It was a while before I realized that the phone had gone silent. Maybe she hung up or maybe he did; I had no way of knowing. All I know is I was wrapped up in my own anger over the whole situation that I hadn’t noticed the car go quiet.
I dared to look into the rear-view mirror. She was gazing sadly out the window, the phone sitting in her hand on her lap. She was crying. Softly. Only an occasional sniff would come as she wiped her eyes.
The GPS chirped another direction. I allowed myself to settle back into the routine of a normal fare. Only a few turns — a few minutes were left in the trip.
“He’ll try again,” she said, breaking the quiet that had taken over the ride. It took me too long to realize she was talking to me.
“Huh? I’m sorry?” I said like some damned fool.
“He’ll call me again. Jerry will. Trying to get me to come back. At least until some other girl falls for him…”
“Look,” I said, trying to backtrack since I felt like shit for listening in on her tragedy. “I’m really sorry for listening in on you. I — I don’t normally listen in on a fare’s conversation.”
She gave me a weak smile that I caught as I split my attention between finishing her and fare and now talking to her. “It’s OK,” she said. “I think it helped knowing you were listening — I felt like I couldn’t disappoint you and give into him. It helped me keep my promise to myself.”
A strange feeling washed over me. Some mix of pride, shame, humility, and joy. I really didn’t know what to think in how my being an asshole and listening in — in eaves-dropping on her — helped her in the end. It felt uncomfortable to me, but strangely worth it.
All I could think to say is, “don’t feel bad. That Jerry guy is an asshole. I’ve seen too many guys like him. You’re better off without him.”
She gave another weak smile as our eyes met.
Honestly, it was a stupid platitude, telling her that. Of course, she knew the bastard was a bad guy. Why else would she break it off with him?
That’s the problem with love, lust, and everything in between. There is no rhyme or reason for anything we do for all of it. I’ve known myself in plenty of spots where I made bad choice after stupid decision all in the hopes it’d please a girl I was with. None of it ever worked, but we just keep trying anyway, hoping that this next time will be the thing — this next dumb choice will make it all worth it.
We’re like gamblers hopelessly losing against the house hoping the next bet will set us ahead.
“I guess I always knew…” she said, her voice trailing off toward the end.
The last few turns, those last few minutes were all spent in silence. Neither of us said anything else.
When I pulled up to her stop, she sat there for a moment as I told her we were there. As though she couldn’t tell.
A deep sigh later, she thanked me, lingering for what felt like too long. “I hope you have a really good life,” I said, with as much meaning as I could put behind it.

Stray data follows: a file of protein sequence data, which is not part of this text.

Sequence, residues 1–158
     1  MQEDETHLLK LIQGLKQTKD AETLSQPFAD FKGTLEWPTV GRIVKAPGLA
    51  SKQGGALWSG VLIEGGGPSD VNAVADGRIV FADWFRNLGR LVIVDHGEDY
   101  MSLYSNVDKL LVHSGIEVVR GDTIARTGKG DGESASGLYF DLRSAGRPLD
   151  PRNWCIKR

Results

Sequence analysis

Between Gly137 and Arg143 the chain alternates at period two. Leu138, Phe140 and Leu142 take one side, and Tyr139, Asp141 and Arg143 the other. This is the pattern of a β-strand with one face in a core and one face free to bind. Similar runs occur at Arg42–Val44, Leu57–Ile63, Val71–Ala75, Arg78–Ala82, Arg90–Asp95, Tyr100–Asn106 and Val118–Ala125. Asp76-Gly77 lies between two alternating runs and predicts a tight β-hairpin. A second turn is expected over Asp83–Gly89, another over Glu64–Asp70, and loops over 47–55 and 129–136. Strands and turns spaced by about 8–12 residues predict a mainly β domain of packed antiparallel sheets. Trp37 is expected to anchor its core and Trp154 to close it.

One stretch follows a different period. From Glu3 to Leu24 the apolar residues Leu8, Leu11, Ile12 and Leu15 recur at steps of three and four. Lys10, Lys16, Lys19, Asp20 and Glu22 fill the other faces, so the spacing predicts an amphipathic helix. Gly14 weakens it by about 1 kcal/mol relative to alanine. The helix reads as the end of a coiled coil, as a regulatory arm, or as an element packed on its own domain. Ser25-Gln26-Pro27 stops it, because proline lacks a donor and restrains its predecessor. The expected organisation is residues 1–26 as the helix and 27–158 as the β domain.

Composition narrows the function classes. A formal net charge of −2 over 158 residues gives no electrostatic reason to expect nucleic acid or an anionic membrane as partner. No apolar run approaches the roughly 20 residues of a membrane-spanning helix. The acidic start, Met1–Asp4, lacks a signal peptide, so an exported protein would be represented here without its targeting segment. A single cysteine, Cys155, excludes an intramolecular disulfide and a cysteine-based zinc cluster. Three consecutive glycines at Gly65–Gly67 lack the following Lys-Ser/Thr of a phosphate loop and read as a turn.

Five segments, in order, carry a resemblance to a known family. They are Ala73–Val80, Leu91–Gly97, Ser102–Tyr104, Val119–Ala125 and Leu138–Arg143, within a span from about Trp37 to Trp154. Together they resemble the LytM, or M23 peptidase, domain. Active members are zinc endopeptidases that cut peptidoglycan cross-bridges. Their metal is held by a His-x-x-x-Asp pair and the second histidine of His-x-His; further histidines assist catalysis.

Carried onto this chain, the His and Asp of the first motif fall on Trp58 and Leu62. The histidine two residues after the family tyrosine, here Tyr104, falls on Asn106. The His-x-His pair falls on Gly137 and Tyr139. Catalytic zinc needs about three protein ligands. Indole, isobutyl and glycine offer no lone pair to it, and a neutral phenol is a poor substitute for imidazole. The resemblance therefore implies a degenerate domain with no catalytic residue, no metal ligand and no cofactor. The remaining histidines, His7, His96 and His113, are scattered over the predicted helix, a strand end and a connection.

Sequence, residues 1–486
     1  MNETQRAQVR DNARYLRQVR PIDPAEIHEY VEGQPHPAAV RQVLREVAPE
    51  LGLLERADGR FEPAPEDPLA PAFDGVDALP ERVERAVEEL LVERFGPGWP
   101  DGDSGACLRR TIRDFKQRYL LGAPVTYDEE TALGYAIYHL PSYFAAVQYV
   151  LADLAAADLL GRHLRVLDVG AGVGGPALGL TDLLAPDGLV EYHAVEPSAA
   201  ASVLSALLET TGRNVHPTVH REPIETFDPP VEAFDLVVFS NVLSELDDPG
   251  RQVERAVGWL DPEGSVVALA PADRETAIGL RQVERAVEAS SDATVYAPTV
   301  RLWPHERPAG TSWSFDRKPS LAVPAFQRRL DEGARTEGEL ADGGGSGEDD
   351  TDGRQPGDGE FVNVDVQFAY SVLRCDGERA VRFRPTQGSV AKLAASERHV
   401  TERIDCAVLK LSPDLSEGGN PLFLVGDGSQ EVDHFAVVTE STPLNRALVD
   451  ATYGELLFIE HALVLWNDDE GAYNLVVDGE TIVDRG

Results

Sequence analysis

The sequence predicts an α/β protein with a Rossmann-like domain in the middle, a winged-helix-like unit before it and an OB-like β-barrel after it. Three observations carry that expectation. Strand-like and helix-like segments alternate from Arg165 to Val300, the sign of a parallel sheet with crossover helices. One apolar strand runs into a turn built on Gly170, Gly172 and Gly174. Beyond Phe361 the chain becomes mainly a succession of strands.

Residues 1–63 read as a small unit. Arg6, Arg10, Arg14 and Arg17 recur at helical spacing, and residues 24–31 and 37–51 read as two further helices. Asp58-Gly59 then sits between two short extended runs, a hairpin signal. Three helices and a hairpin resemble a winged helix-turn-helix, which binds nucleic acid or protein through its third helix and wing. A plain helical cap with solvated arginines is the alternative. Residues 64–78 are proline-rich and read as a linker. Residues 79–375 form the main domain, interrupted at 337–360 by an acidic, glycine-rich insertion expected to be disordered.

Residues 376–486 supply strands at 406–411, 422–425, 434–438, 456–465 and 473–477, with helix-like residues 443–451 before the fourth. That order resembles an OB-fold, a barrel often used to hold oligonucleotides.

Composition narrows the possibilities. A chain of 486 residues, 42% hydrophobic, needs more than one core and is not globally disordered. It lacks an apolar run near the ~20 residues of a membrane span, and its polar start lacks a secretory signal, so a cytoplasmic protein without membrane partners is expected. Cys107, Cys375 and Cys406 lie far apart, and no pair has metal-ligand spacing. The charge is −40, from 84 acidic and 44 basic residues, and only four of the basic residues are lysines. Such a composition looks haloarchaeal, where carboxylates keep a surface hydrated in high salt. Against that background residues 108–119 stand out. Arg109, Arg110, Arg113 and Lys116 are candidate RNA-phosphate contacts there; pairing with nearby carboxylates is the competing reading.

“Thank you,” she said sadly as she stepped out of the car.
Like all fares, I eventually forgot about her. Not totally, but her name and all faded into memory.
Life continued on much as it had. Some day’s were harder than others. Other days passed in a blur. Either way, I kept driving.
A month later, I got a ping for a new fare. Without thinking, I acknowledged it and moved on. Since her, I had grown far more capable of blanking out and focusing on the task at hand. Although, I wouldn’t say that my fare with that woman had been good or bad, it was simply that I remembered feeling guilty for intruding in her conversation like that.
I drove up, but as I pulled up, I dropped something, and bent down to pick it up. As I reached for it, I heard the door open and the person get into the car.
As the car door shut, “sorry. Hold on a second, please” I said hoping I didn’t annoy my new fare with the obvious delay. “Just trying to grab something I dropped.”
There was only silence in reply. It was normal. Amazing the number of really introverted people use ride shares and never speak.
When I got up and looked in the mirror — it was her. Only she looked happy.
“Hi,” she said, a smile broad on her face.
“Uh, hi,” I replied, unsure of what to say. All the memory of that car ride came flooding back. “Uh, did that Jerry guy ever try getting you back?”
As soon as I asked it, I could feel my insides twisting. It was a dumb question and certainly not the first thing you ask to a pretty girl — hey, how is that douchebag of a guy you were trying to get away from? Stupid, really.
“Or course,” she answered politely, as though I didn’t just commit a conversational foul. “But I stayed firm. Turns out though that some other girl he was seeing at the same time told his wife. He’s getting what he deserves, but I feel bad for his wife and kids — and the part I had in it all.”
A slight drop in her eyes and smile and I could tell she was really serious about that. I reached back and touched her hand. “We all make stupid decisions in the hope it finds us love. Don’t blame yourself for his problems.”
She smiled as I sat back up and accepted the destination, acknowledging I had my fare.
“So you know how many rides I paid for to find you?”
I laughed. “What’s it been? A month? Probably quite a few. You’d gotta be crazy to do that to find one… driver…”
The realization only came to me too slowly.
“Did you want to grab some coffee or something?” She asked, smiling as she played with her hair.
Did I ever mention she was gorgeous?